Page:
by Neal Stephenson
Published by: HarperCollins
Genres: Science Fiction
What would happen if the world were ending? A catastrophic event renders the earth a ticking time bomb. In a feverish race against the inevitable, nations around the globe band together to devise an ambitious plan to ensure the survival of humanity far beyond our atmosphere, in outer space. But the complexities and unpredictability of human nature coupled with unforeseen challenges and dangers threaten the intrepid pioneers, until only a handful of survivors remain . . . Five thousand years later, their progeny—seven distinct races now three billion strong—embark on yet another audacious journey into the unknown . . . to an alien world utterly transformed by cataclysm and time: Earth.
Seveneves by Neal Stephenson spans five thousand years from a catastrophic event that will doom Earth to man’s determination to save the human race. At eight hundred and eighty pages, this massive tome is filled with details that will excite your inner geek and for the most part keep you riveted.
- Seveneves had a realistic vibe that makes you stand up and take notice. Instead of aliens attacking or a meteor bumping Earth out of orbit, Stephenson created a scenario that felt realistic. Fans of the Martian will enjoy Seveneves although be warned there is a lot of technical jargon. From the characters to the technology Stephenson offered up a suspenseful tale.
- Get your geek on. I loved all the technical jargon from how they built things to handling resources. It was truly fascinating and I found myself completely caught up. It delves into so many aspects from mining asteroids using tiny robots and housing folks as they build. Then there is the whole process of determining who will be placed on board the ship to ensure humanities survival. The story the governments tell folks sent me chills it was so realistic.
- The story is broken up into three parts. The first shares the catalyst and humanities plan to preserve the species. The second part focuses on Earth’s final days and the final section unfolds five thousand years later as the survivors of humankind return to Earth. The action scenes were suspenseful and beautifully described giving me a panoramic view as events unfolded.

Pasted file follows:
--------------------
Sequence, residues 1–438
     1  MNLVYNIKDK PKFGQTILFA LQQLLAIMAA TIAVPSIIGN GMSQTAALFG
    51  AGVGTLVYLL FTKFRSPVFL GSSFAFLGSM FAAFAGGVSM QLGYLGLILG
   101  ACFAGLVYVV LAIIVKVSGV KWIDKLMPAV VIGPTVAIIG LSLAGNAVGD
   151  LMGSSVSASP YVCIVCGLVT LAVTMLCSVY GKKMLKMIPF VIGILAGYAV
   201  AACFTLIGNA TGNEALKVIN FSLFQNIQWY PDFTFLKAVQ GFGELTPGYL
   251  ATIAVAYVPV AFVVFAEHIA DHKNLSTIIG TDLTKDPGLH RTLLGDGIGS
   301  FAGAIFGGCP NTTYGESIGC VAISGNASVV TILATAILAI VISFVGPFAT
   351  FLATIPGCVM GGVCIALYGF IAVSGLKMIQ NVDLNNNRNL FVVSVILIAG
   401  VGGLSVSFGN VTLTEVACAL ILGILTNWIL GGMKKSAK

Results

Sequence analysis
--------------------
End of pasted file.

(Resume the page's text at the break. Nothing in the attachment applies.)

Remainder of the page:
- The characters are fascinating and Stephenson does a good job of helping us imagine how each would react to the events as they unfold. From happens on Earth to the tensions in Space, he shares all facets of what these events may be like. Despite knowing most of the characters we meet will not be around for the return, Stephenson managed to make my heart clutch when danger arose or we lost a character.
- Suspense and the unknown created some edge of your seat moments and I felt myself holding my breath right along with the characters.
- The meaning behind the title Seveneves is revealed and to me it was a brilliant and poetic. I always love discovering the significance behind these obscure titles.
- Stephenson gives us a lot to ponder as we consider how humanity would respond as mankind builds an ark.
- As much as I loved all of the details and scientific jargon parts of the tale, where dry. I would find myself caught up in the story and then we would be thrust into pages of jargon and it disrupted my ability to remain within the story.
- I was disappointed that the segments weren’t balanced and that we spent the least amount of time learning about the return. The last two hundred plus pages was intense and some of the strongest writing.
- Seveneves is massive, and generally, I do not have a problem with that. It is also a standalone, but in this instance, I really would have preferred this to be a trilogy with the three segments being balanced. Who knew I would encourage a trilogy?
Fans of fantasy, space and realistic dystopians will enjoy Seveneves. Despite my issues, I really enjoyed my journey with this novel.
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